oil and gas

Stories of Oil and Organics

Man with scarf gestures with his hands emphatically. Book cover inset.

Mika Minio-Paluello works his magic at the University of Alberta. Photo credit: Trevor Chow-Fraser

On Terra Informa this week, we will dive into a raw milk story following Richard Griebel and Kathy Charpentier in Castor, Alberta. Next, we will transfer to Bloomfield to listen to Michelle Lutz’s story of her organic farming with a hospital in Michigan! Finally, we will travel with Mika Minio-Paluello to explore a special oil road, along with stories of repressive governments, secret police, Canadian attack helicopters, and more.

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Nature on the Brink

Courtesy: Courtney Johnson

Courtesy: Courtney Johnson

On Terra Informa this week,we look at stories of nature on the edge. From the Yasuni ITT in Ecuador and the failing fight to keep it protected from developers, to two stories from our archives. One on the Banff Spring Snail; an endangered species, and the other on the idea of ‘just sustainability’ and how a necessary shift in our perspective on what it means to be sustainable may include a cultural shift.

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Ecuador Abandons Unique Amazonian Nature Reserve

Take an area about one fifth of the size of Banff National Park, or around one eighth the size of the city of Edmonton. That’s roughly 120 thousand hectares and that is the size of Yasuni ITT (Ishipingo-Tambococha-Tiputini)  in Ecuador. What makes Yasuni ITT special, however, is that the area contains more reptiles than the entire continent of Europe, as many birds and mammals as the entire country of Canada, and in one hectare, there are more tree species than Canada and the US have combined.

Yasuni ITT was meant to preserve the country’s biodiversity and make a stand against global climate change. But, less than a month ago, the Ecuadorian government announced they were pulling the plug on the initiative, and allowing oil exploration to go forward in the area. Terra Informa’s Nicole Wiart talks to a Professor of Ecology and an Ecuadorian exchange student to get a better idea of what this announcement means for Ecuador.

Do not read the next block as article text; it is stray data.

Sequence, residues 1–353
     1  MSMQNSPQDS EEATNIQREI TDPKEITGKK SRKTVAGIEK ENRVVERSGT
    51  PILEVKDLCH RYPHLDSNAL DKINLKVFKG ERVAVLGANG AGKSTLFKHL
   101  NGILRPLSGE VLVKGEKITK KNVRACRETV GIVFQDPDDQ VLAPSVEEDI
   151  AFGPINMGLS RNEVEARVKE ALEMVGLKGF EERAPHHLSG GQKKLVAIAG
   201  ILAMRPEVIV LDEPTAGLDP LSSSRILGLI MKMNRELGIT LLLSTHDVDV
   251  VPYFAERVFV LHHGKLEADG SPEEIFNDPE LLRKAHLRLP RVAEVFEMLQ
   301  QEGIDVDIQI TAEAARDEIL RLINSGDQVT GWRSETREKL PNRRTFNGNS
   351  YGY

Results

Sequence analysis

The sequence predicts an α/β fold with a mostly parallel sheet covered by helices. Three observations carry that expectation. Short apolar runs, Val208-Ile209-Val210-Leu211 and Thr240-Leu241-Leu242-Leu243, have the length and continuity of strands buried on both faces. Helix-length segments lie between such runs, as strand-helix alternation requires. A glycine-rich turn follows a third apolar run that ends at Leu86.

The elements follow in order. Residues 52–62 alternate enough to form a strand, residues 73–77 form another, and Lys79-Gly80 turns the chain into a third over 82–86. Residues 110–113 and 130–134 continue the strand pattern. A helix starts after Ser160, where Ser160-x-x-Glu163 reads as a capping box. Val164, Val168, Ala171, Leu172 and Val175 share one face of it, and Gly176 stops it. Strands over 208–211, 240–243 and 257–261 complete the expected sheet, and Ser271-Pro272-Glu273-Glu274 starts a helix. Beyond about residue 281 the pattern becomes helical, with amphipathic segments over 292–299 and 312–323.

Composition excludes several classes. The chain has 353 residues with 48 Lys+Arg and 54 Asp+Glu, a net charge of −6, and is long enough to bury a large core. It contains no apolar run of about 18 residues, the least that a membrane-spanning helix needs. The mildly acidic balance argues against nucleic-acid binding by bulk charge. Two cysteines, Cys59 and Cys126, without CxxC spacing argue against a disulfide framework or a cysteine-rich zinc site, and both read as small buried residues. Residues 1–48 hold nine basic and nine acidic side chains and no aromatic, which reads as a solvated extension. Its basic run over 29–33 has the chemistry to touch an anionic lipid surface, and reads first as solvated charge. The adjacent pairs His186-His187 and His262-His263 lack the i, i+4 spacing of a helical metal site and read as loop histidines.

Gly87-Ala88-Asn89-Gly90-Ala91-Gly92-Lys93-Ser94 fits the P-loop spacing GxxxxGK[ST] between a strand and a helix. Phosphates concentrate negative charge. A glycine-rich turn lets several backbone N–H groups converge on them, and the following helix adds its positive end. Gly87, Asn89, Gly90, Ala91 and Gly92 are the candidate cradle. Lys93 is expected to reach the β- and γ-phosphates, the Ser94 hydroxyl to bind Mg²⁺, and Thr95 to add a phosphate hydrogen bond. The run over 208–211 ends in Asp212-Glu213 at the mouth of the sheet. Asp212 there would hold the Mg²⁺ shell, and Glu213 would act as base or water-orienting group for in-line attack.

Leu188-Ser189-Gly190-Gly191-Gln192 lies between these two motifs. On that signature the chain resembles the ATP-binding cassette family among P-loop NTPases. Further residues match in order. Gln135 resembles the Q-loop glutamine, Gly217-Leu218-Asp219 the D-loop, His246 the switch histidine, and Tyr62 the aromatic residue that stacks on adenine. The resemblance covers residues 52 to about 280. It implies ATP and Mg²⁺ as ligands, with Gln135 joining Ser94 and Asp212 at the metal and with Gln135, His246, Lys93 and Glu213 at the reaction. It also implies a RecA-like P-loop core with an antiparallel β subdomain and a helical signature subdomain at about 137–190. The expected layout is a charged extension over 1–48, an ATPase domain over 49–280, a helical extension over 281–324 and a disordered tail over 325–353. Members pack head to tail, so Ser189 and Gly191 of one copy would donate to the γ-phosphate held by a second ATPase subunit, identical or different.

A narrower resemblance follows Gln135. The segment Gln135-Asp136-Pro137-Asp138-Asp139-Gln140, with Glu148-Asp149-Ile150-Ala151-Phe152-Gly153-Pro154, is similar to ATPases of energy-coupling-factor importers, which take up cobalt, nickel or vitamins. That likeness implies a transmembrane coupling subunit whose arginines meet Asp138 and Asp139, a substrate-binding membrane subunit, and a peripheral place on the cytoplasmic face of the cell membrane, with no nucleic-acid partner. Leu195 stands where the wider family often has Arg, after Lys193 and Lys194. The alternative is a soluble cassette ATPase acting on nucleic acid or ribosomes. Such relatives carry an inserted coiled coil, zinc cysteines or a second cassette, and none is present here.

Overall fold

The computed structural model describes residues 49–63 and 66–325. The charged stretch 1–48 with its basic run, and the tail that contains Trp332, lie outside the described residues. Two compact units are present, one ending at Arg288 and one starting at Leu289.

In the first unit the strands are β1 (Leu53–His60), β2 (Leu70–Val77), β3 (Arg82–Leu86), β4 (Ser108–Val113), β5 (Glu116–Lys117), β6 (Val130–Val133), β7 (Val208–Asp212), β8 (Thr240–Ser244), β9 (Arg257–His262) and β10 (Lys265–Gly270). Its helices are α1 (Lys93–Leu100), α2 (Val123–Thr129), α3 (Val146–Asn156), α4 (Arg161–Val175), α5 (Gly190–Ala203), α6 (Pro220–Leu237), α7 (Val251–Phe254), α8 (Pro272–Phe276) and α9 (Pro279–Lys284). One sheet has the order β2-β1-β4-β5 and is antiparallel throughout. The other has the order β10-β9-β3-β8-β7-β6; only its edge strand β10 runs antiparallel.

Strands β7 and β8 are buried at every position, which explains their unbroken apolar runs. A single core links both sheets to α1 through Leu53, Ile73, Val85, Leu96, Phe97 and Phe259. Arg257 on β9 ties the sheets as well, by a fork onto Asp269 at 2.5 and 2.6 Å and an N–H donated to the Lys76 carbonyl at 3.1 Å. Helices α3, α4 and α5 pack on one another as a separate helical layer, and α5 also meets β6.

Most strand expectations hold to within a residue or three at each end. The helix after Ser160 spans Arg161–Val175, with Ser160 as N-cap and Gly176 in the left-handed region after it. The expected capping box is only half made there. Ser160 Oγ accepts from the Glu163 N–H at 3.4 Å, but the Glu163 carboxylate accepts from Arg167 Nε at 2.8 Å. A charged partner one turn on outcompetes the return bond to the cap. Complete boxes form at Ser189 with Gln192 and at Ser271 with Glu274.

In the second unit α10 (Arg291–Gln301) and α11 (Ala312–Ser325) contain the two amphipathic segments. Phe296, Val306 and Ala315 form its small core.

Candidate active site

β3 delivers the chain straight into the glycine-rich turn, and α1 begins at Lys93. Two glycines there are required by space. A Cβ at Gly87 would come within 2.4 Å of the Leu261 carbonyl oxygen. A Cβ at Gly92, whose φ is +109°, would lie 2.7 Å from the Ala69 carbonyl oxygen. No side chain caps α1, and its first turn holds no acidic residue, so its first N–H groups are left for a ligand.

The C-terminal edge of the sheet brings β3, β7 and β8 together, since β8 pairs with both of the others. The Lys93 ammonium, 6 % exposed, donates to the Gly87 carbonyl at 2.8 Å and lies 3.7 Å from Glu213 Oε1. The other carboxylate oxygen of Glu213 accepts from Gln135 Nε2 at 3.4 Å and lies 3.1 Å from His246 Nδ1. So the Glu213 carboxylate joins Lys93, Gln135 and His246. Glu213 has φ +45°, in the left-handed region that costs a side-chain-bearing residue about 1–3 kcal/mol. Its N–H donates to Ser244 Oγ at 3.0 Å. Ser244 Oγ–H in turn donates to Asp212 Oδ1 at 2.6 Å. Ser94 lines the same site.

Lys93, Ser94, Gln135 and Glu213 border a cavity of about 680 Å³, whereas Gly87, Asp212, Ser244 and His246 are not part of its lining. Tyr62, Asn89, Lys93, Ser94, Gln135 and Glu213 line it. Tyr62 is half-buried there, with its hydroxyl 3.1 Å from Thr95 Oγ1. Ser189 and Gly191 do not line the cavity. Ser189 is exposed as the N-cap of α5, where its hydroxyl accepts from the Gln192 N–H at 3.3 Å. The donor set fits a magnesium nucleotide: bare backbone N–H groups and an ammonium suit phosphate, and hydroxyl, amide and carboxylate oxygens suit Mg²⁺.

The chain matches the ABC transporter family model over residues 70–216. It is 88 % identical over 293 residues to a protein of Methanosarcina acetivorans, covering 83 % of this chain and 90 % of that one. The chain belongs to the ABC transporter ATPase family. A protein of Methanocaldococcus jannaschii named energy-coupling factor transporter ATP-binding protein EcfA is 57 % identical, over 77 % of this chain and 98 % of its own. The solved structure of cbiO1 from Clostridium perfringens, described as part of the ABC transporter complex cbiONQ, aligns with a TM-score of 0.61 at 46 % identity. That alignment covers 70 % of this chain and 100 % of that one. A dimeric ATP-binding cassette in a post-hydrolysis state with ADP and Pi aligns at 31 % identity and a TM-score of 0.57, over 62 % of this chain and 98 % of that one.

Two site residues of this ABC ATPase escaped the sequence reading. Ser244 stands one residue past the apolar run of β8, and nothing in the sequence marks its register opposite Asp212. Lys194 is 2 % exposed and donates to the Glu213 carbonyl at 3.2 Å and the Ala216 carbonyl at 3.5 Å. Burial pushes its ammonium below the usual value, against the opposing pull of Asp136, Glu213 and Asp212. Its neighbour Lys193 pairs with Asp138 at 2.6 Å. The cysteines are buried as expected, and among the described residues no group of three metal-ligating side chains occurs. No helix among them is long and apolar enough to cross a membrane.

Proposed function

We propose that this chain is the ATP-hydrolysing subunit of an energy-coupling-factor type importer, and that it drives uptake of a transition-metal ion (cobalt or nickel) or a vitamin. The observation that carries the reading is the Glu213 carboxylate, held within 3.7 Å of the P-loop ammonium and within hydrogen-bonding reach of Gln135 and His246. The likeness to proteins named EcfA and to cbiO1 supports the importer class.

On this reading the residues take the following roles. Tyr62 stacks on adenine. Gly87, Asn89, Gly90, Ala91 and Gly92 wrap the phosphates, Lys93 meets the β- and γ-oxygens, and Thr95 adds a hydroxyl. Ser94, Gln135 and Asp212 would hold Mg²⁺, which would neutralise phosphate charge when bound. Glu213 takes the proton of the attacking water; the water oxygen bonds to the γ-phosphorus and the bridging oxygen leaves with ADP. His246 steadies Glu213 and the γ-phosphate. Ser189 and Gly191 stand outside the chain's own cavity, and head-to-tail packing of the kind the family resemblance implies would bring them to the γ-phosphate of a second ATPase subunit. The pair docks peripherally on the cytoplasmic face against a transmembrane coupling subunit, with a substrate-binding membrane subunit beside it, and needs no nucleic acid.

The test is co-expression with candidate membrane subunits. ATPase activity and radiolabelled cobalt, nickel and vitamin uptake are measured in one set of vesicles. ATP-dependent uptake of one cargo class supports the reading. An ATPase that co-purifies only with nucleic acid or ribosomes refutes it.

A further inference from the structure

More on this story: Amazonwatch, The Ecologist, Ecuadorian Government’s Yasuni ITT website

Girl Gone Wild: Banff Springs Snail

From the time we’re little, most of us are told to be proud of what makes us unique – what sets us apart. But what if the thing that made you different was also the thing that made you vulnerable? On this week’s edition of Girl Gone Wild, Chris Chang-Yen Phillips brings us the story of the endangered Banff Springs Snail from wildlife documentary filmmaker Jamie Pratt.

More on this story: Parks Canada, CBC Calgary, Girl Gone Wild documentaries

Just Sustainability

Julian Agyeman is chair of the Department of Urban and Environmental Policy and Planning at Tufts University in Boston-Medford, Massachusetts. His research focuses on the intersections between social justice and sustainability, an idea which he terms just sustainability. He describes just sustainability as “the need to ensure a better quality of life for all, now and into the future, in a just and equitable manner, whilst living within the limits of supporting ecosystems”. Kathryn Lennon spoke with him about the need for the sustainability movement to broaden its work beyond ecological and conservation issues, to include issues of inequality and social justice.

More on this story: Julian’s Blog 

What’s Happening

Youth Summit for Biodiversity and Green Solutions

From September 20th to the 22nd, youth in Orillia Ontario are invited to take in the Youth Summit for Biodiversity and Green Solutions. It’s the 4th annual event of it’s kind, brining together young leaders from across the province of Ontario to partake in activities and workshops, everything from bird watching, to learning about First Nation traditional medicine. Its for people in grades 9 to 12, so if you, or someone you know might be interested in building your leadership skills and learning more about conservation, don’t miss it.

Public Lecture on Oil, Gas, Fracking and the Yukon!

In Whitehorse, Yukon on September 17th, be sure to head to Beringia Centre for a public lecture on how the proposed oil and gas and fracking industries might affect people in the Yukon. Journalist and author Andrew Nikiforuk is leading the event, and is also hosting a workshop during the day on understanding the oil and gas industry. It’s 5 bucks at the door, everyone’s welcome!

What is the universe made of? The case of dark matter and dark energy.